The best of the fests: 21 events to kick off your fall fantastic

The Festy Experience lights up the night over a long weekend this October. Photo: Tom Daly The Festy Experience lights up the night over a long weekend this October. Photo: Tom Daly

The Festy Experience
Friday, October 5 to Sunday, October 7
Devils Backbone Brewery (200 Mosby’s Run, Roseland)

Every music festival has an identity of its own. Names like Bonnaroo, Lollapalooza, Bumbershoot, and Coachella may have been head scratchers at first, but now they’re branded destination festivals where dozens of acts spread out across multiple stages and throngs flock to make the scene and play their part against a backdrop of music, celebrity heavyweights, light shows, public art, carnival rides, holograms, overindulgence, and ’round-the-clock parties.

The Festy Experience in Nelson County has built its brand with a different approach. Home grown as an intimate artist-curated gathering, the Festy taps into a broader community of music, food, earth-conscious and wellness-minded pursuits. The festival—as its name suggests—plays it straight and simple, offering an accessible, “everyone friendly” event where families are accommodated, outdoor enthusiasts get their thrill, and people of all makes and models can cut loose.

The food options are locally sourced—curated by The Rock Barn’s chef (and French Laundry alum) Benjamin Thompson, and the beer is almost as revered as the live music. There are wellness offerings too, like morning yoga and late night campsite jams with occasional sit-ins from performing artists. The range of accommodations include reserved car camping, family camping, and quiet camping as well as the high-end Show Sherpa camping package option that includes a cell phone charging station and French press coffee makers. Local artisans bring their wares and the pastoral landscape sets the tone for a high quality good time.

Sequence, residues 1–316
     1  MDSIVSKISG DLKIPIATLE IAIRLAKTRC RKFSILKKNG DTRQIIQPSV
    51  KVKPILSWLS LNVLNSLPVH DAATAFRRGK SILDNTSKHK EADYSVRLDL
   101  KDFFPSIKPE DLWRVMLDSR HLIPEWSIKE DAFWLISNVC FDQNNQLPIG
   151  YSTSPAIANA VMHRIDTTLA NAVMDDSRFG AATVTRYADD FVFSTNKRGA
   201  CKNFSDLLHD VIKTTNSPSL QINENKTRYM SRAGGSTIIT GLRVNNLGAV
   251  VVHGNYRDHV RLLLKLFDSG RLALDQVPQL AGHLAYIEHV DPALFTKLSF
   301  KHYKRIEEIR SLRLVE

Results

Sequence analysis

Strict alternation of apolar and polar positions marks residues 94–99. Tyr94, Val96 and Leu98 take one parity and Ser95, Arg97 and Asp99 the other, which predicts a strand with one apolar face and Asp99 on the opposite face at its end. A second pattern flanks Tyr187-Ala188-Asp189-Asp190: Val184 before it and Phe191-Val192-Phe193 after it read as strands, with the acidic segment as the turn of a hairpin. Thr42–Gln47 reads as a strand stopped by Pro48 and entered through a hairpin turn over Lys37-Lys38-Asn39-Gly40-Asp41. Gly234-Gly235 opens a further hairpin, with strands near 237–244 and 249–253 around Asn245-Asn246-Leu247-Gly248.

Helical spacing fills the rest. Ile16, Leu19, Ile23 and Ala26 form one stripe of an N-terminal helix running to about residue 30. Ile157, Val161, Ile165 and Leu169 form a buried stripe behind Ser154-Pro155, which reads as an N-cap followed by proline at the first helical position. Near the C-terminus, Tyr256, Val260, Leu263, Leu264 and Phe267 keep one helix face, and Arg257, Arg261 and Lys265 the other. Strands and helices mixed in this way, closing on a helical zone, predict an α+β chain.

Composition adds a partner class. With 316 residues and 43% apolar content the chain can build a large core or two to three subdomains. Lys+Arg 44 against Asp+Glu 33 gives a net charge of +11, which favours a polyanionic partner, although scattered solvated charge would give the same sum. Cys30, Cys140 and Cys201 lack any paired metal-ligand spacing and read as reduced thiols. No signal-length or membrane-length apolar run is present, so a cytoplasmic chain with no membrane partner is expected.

“The best thing about this year’s Festy is that we finally know exactly what it is that we are doing,” said co-founder Michael Allenby. “From the conception of the idea three years ago, we have been sculpting the vision from each of the partners’ inspirations. It’s great to have the three-headed-focus of amazing music, local sustenance, and an authentic outdoor experience. Can’t wait for the fans to arrive that weekend and let the participation begin.”

Festival hosts The Infamous Stringdusters depart from conventional booking techniques to invite friends, influences, and colleagues to fill the bill on three stages. This year will see more than 25 musical acts take the stage, from industry vets like Leftover Salmon to mainstays Trampled by Turtles, Keller Williams and the locally based Sons of Bill and Carl Anderson. The Festy website, in its folksy way, notes the addition of Margaret Glaspy: “We heard Margaret at a party after a gig in Boston. She was playing solo, just her with a guitar. Everyone was mesmerized. “ Without the usual barriers between audience, promoter, and performer, the playing field gets leveled, and The Festy Experience literally becomes about playing in the field.

Charlottesville Pride Festival
Saturday, September 15 from 2-6pm
Lee Park